On the other hand, the mutation at position 103 develops more slowly but may be longer-lasting, remaining in evidence at the 6-8 week time point following nevirapine.12
This latter observation is summarized in the figure below.
Nevirapine oral bioavailability exceeds 90% and absorption is not influenced by food or antacids.1 ,7
The drug rapidly crosses lipid membranes (high lipophilicity) and is found in the CSF (cerebrospinal fluid) at levels about 50% of that observed in plasma.7
Nevirapine serum half-life is approximately one day.
Nevirapine also easily crosses the placenta and can be found in breast milk.1
This characteristic has been used in support of nevirapine for prevention of mother-to-child HIV transmission.1
Nevirapine in a single dose appears effective in preventing this transmission if administered to a woman at the onset of labor along with a subsequent administration to the neonate within three days following delivery.
Accordingly, nevirapine is one of the recommended drugs for use in pregnant women.
The elimination pathway for nevirapine involves cytochrome P450-mediated oxidative metabolism catalyzed by CYP3A4 and CYP2B6 isoforms resulting in hydroxylated metabolites which are primarily excreted in the urine.1,7
Furthermore, nevirapine itself induces cytochrome P450 isoforms including CYP3A4, thus facilitating its own metabolism.1
This enhanced metabolism manifests over time in a decrease in drug half-life.1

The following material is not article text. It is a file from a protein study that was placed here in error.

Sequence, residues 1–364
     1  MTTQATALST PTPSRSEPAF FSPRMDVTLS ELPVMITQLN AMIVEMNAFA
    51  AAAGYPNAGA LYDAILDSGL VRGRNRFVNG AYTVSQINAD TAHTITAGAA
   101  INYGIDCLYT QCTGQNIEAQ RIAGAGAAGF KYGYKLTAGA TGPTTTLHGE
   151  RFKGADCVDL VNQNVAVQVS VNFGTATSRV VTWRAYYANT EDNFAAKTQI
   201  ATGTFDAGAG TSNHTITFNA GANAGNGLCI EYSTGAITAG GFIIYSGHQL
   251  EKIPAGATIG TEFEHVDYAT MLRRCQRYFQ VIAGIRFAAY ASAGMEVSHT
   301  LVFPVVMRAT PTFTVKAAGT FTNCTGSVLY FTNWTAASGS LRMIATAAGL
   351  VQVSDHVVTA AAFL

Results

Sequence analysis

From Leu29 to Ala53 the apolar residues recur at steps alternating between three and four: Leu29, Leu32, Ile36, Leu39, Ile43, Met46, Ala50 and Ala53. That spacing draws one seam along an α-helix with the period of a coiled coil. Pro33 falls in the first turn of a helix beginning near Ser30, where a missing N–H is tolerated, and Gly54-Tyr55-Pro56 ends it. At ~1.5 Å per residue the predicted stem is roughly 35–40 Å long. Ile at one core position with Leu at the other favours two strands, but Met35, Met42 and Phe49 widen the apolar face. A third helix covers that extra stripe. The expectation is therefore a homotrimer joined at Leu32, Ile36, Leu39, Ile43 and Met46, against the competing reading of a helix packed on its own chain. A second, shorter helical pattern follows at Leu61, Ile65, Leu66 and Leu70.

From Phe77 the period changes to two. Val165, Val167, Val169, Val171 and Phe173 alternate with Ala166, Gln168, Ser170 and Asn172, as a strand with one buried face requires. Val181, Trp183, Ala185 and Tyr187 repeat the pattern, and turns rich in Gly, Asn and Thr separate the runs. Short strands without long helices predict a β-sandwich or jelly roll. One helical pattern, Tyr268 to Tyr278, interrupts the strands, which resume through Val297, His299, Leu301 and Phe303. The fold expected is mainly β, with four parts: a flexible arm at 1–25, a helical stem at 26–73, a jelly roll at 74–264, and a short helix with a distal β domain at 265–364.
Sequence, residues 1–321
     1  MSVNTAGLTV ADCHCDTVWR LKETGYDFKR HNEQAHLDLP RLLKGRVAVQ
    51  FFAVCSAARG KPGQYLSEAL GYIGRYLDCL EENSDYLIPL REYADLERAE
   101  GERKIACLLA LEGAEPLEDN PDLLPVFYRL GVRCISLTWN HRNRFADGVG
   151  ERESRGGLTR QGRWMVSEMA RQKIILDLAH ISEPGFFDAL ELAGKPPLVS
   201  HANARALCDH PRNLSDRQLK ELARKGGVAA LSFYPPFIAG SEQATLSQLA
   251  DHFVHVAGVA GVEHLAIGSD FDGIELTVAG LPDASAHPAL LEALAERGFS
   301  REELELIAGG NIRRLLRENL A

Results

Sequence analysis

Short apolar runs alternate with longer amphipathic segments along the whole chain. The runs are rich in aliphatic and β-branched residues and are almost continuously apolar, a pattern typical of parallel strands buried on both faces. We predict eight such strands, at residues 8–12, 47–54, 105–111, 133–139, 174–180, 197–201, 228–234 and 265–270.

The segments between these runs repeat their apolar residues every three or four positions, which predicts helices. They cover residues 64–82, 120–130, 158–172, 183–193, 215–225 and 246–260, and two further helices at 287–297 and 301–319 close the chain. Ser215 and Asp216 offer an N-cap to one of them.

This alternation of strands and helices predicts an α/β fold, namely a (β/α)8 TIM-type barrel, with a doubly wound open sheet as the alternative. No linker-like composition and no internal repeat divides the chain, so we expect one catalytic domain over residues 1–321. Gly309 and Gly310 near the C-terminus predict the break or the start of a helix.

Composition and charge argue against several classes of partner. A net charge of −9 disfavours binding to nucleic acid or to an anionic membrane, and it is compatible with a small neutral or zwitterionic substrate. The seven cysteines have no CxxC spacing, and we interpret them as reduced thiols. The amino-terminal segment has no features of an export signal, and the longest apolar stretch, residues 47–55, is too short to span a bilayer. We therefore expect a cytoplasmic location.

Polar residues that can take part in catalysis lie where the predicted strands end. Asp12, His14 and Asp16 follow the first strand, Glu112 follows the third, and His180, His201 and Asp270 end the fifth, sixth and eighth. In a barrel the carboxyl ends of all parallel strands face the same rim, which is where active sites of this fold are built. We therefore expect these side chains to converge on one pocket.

Induction of the cytochrome P450 isoform CYP3A4 also reduces plasma levels of a number of drugs including antiviral agents such as:
Tipranavir (Aptivus, HIV-1 protease inhibitor)
Indinavir (Crixivan, HIV-1 protease inhibitor)
Saquinavir (Invirase. HIV-1 protease inhibitor)
Efavirenz (Sustiva, Non-Nucleoside Reverse Transcriptase Inhibitor, NNRTI)
and the opioid receptor agonist methadone.1
Some agents including rifampin, rifabutin along with St. John's wort also induce the same CYP3A4 isoform, resulting in reduced nevirapine plasma concentrations.1
By contrast, drugs such as fluconazole, ketoconazole and clarithromycin are inhibitors of CYP3A4 enzyme activity and therefore may increase nevirapine plasma concentrations.
The interaction between nevirapine administration and methadone may be important since nevirapine-induced CYP3A4 metabolism resulting in reduced methadone levels may trigger opioid withdrawal.
Increasing methadone dosage may mitigate this effect.1
Lastly, since nevirapine administration may cause a reduction in plasma ethinyl estradiol and norethindrone by about 20%, alternative birth control approaches may be required.
Although nevirapine has been identified as an effective component in multidrug (three-drug) antiretroviral protocols, toxicities associated with nevirapine have predisposed to the use of efavirenz instead, for initial antiretroviral treatment.6
An important additional factor is that nevirapine, compared to efavirenz in this setting, may be associated with less optimal clinical effectiveness. In one study involving over 23,000 individuals, a multidrug protocol including nevirapine was more likely associated with elevated death risk and AIDS-defining illness, compared to a protocol in which efavirenz was used instead of nevirapine.6